Cover image for Send no blessings
Send no blessings
Naylor, Phyllis Reynolds.
Personal Author:
First edition.
Publication Information:
New York : Atheneum, 1990.
A teenager in a large family that lives in a trailer yearns for love, approval, an escape from endless chores, and a chance to make something of herself. When a good and decent man, seven years her senior, falls in love with her, she realizes marriage to him could solve her problems.
Program Information:
Accelerated Reader AR UG 5.4 9.0 5289.
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FICTION Young Adult Fiction Central Closed Stacks

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A teenager in a large family that lives in a trailer yearns for love, approval, an escape from endless chores, and a chance to make something of herself. When a good and decent man, seven years her senior, falls in love with her, she realizes marriage tohim could solve her problems.

Author Notes

Phyllis Reynolds Naylor was born in Anderson, Indiana on January 4, 1933. She received a bachelor's degree from American University in 1963. Her first children's book, The Galloping Goat and Other Stories, was published in 1965. She has written more than 135 children and young adult books including Witch's Sister, The Witch Returns, The Bodies in the Bessledorf Hotel, A String of Chances, The Keeper, Walker's Crossing, Bernie Magruder and the Bats in the Belfry, Please Do Feed the Bears, and The Agony of Alice, which was the first book in the Alice series. She has received several awards including the Edgar Allan Poe Award for Night Cry and the Newberry Award for Shiloh.

(Bowker Author Biography)

Reviews 3

Booklist Review

Gr. 7-10. Beth Herndon, 15, the oldest of eight kids, doesn't want a life like her parents in a broken-down trailer on the side of the road. She loves her family--even though she resents the constant drudgery and the lack of privacy--and she feels rooted in the West Virginia hills. But at the same time she wants to get away, make a life for herself, and then maybe come back. Her typing teacher seems to understand, but why does her father always put her down? Why does he push her to leave school and marry her nice boyfriend? The message is overstated, the characters too articulate ("I want to like myself"). But the family poverty is neither squalid nor picturesque. In a touching episode the parents save for months to buy the kids a set of encyclopedias from the supermarket, and the books are embarrassingly inadequate. Beth's a champion typist, but her poor spelling holds her back, and it's hard to find peace at home to study. There's a painful honesty about this story of a poor, nonacademic girl's struggle for independence. ~--Hazel Rochman

Publisher's Weekly Review

This rambling novel contains an odd mixture of trite and poignant elements. Though the plot manages to incorporate nearly every cliche of the rural coming-of-age story, the result is surprisingly endearing. Moving at an unhurried pace, Naylor's tale will leave persevering readers with a distinct picture of a busy and momentous year in the heroine's life. Between looking after her seven brothers and sisters and working part-time, Beth, 15, has plenty to keep her occupied. At school, she is the star of her typing class, a skill that could provide a way out of her family's cramped trailer, even out of West Virginia itself. But then there's Harless, Beth's 22-year-old boyfriend, who wants to marry her and start a family; even Beth's harshly critical father approves of this relationship. After considerable soul-searching and hard work, Beth sets a course that is right for her--and discovers, along the way, the true reasons for her father's nastiness. Ages 12-up. (Sept.) (c) Copyright PWxyz, LLC. All rights reserved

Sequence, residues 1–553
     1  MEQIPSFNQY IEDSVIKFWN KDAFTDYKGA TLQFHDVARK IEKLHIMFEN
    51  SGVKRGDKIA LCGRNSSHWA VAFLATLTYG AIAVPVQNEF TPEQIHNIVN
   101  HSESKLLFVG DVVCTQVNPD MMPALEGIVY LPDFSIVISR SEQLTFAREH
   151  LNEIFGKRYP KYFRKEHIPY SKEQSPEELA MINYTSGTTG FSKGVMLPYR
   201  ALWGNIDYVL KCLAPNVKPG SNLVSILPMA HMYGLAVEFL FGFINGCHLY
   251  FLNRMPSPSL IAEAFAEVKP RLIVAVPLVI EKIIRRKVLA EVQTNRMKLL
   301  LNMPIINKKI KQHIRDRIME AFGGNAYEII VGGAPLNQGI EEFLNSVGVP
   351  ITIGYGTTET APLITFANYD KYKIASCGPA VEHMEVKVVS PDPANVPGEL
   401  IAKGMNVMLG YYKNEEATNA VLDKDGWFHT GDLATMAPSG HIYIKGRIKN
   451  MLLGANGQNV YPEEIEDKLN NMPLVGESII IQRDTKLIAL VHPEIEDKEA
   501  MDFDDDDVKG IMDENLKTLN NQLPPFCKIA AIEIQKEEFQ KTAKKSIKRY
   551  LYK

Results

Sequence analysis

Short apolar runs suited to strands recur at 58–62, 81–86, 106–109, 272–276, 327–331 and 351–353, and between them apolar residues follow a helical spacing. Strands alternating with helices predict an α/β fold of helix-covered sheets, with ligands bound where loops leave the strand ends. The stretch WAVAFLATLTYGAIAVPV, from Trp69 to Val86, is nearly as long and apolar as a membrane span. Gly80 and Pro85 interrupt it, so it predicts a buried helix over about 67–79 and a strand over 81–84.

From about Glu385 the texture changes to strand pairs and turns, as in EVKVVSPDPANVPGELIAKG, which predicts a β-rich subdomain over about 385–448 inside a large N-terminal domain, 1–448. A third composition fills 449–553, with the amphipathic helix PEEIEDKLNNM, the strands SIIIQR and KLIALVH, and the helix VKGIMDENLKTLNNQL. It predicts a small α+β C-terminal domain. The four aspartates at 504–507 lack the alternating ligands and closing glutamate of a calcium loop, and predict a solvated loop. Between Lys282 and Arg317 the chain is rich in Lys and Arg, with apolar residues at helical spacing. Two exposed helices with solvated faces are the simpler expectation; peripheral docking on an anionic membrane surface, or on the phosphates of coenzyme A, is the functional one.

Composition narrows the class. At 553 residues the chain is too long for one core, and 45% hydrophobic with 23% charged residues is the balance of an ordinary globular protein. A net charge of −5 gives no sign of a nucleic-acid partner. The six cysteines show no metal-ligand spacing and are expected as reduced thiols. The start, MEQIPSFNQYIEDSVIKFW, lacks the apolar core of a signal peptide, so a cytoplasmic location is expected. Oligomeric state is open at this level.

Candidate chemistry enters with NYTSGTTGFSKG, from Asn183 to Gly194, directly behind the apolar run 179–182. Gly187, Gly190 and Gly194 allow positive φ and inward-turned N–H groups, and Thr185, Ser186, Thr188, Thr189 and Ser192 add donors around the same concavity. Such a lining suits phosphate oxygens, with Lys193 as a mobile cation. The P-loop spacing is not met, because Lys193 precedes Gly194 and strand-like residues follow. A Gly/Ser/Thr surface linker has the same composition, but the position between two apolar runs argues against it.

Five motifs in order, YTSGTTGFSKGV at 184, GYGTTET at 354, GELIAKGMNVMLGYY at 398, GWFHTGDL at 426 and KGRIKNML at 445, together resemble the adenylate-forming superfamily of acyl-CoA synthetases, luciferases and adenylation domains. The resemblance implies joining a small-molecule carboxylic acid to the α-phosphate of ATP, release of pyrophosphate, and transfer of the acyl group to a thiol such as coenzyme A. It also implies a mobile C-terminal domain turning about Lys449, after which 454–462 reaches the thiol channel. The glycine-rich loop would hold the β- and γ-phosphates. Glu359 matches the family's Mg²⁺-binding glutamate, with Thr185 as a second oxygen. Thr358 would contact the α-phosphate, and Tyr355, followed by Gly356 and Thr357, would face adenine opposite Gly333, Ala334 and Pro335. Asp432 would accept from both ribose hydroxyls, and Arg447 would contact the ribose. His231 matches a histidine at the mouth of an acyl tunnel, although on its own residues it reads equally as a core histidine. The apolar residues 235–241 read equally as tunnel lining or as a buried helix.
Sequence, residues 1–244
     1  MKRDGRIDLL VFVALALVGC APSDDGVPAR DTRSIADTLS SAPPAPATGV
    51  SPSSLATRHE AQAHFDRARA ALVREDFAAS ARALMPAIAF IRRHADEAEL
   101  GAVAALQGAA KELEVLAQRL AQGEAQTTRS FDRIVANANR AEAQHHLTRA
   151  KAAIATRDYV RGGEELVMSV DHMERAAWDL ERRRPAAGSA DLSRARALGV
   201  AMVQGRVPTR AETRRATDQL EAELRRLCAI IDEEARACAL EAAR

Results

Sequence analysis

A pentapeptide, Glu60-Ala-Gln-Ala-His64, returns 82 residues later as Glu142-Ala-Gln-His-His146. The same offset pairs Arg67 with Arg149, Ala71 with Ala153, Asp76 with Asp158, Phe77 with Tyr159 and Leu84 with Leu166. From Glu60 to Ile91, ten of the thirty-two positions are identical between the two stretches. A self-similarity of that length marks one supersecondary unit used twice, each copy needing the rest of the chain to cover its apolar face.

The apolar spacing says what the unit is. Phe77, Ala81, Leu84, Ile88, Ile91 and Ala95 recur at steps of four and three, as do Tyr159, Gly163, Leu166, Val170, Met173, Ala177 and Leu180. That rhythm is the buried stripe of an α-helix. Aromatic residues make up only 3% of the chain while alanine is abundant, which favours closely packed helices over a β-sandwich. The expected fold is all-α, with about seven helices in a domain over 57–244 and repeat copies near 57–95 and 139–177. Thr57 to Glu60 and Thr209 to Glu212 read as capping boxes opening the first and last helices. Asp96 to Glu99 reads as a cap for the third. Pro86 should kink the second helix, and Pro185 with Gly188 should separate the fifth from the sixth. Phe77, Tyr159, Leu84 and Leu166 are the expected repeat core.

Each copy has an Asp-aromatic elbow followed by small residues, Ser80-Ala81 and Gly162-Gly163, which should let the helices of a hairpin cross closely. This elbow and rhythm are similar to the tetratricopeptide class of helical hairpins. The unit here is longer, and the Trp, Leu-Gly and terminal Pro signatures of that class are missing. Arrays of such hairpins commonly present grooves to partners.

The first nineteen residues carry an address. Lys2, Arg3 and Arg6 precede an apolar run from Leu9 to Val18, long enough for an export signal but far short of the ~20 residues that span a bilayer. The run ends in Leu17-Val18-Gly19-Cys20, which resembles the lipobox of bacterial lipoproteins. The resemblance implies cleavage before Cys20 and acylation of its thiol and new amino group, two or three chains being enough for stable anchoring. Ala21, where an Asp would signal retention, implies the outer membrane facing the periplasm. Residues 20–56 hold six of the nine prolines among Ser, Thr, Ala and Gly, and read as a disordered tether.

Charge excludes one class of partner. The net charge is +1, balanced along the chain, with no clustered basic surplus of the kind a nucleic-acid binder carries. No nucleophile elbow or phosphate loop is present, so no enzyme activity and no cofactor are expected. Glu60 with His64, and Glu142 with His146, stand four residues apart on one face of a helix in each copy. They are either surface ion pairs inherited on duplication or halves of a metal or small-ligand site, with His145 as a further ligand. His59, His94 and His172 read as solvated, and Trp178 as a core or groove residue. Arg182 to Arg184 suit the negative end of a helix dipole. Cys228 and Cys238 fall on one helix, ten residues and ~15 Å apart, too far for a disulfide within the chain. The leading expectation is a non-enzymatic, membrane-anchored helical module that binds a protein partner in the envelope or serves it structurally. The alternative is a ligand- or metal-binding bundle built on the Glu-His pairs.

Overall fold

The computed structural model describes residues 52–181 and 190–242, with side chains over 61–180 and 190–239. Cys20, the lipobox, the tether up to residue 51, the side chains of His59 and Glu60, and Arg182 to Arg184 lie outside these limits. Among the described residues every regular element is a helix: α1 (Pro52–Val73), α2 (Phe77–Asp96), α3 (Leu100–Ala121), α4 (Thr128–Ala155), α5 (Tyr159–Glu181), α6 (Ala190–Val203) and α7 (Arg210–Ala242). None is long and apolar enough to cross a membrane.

School Library Journal Review

A child of Appalachia, 15-year-old Beth Herndon lives with her family in a trailer home by the river. Although her mother, Lorna, speaks of the eight Herndon children as blessings, Beth is determined to avoid a life of childbearing and drudgery. In her sophomore year, she discovers her aptitude for typing and envisions a secretarial career, until her deficiencies in grammar and spelling threaten the dream. Seeking the love and support that are lacking at home, Beth enters a romantic relationship with 22-year-old Harless. She comes to love him, and his serious intentions buoy up her sagging self-esteem, but Beth fears she is headed for marriage and Lorna's lot. Then Lorna loses her ninth baby and Beth's younger sister becomes pregnant. These unfortunate events convince Beth that a continued relationship with Harless could be disastrous. As the school year ends, concerned teachers award Beth a scholarship for a three-week career-planning seminar at a state university. She sets out for the university, but not before her father belatedly offers his love and approval. Naylor excels in portraying the hard life of the Herndon family--the crowded trailer, the meager meals, the many pregnancies. As in String of Chances (Fawcett, 1983), she vividly describes a teenager's role in home birth and child care. Although the plot weakens when Beth receives the unsolicited scholarship, the realistic and moving depiction of rural poverty and a girl's yearning for escape offset the pat ending. --Pat Katka, San Diego Public Library (c) Copyright 2010. Library Journals LLC, a wholly owned subsidiary of Media Source, Inc. No redistribution permitted.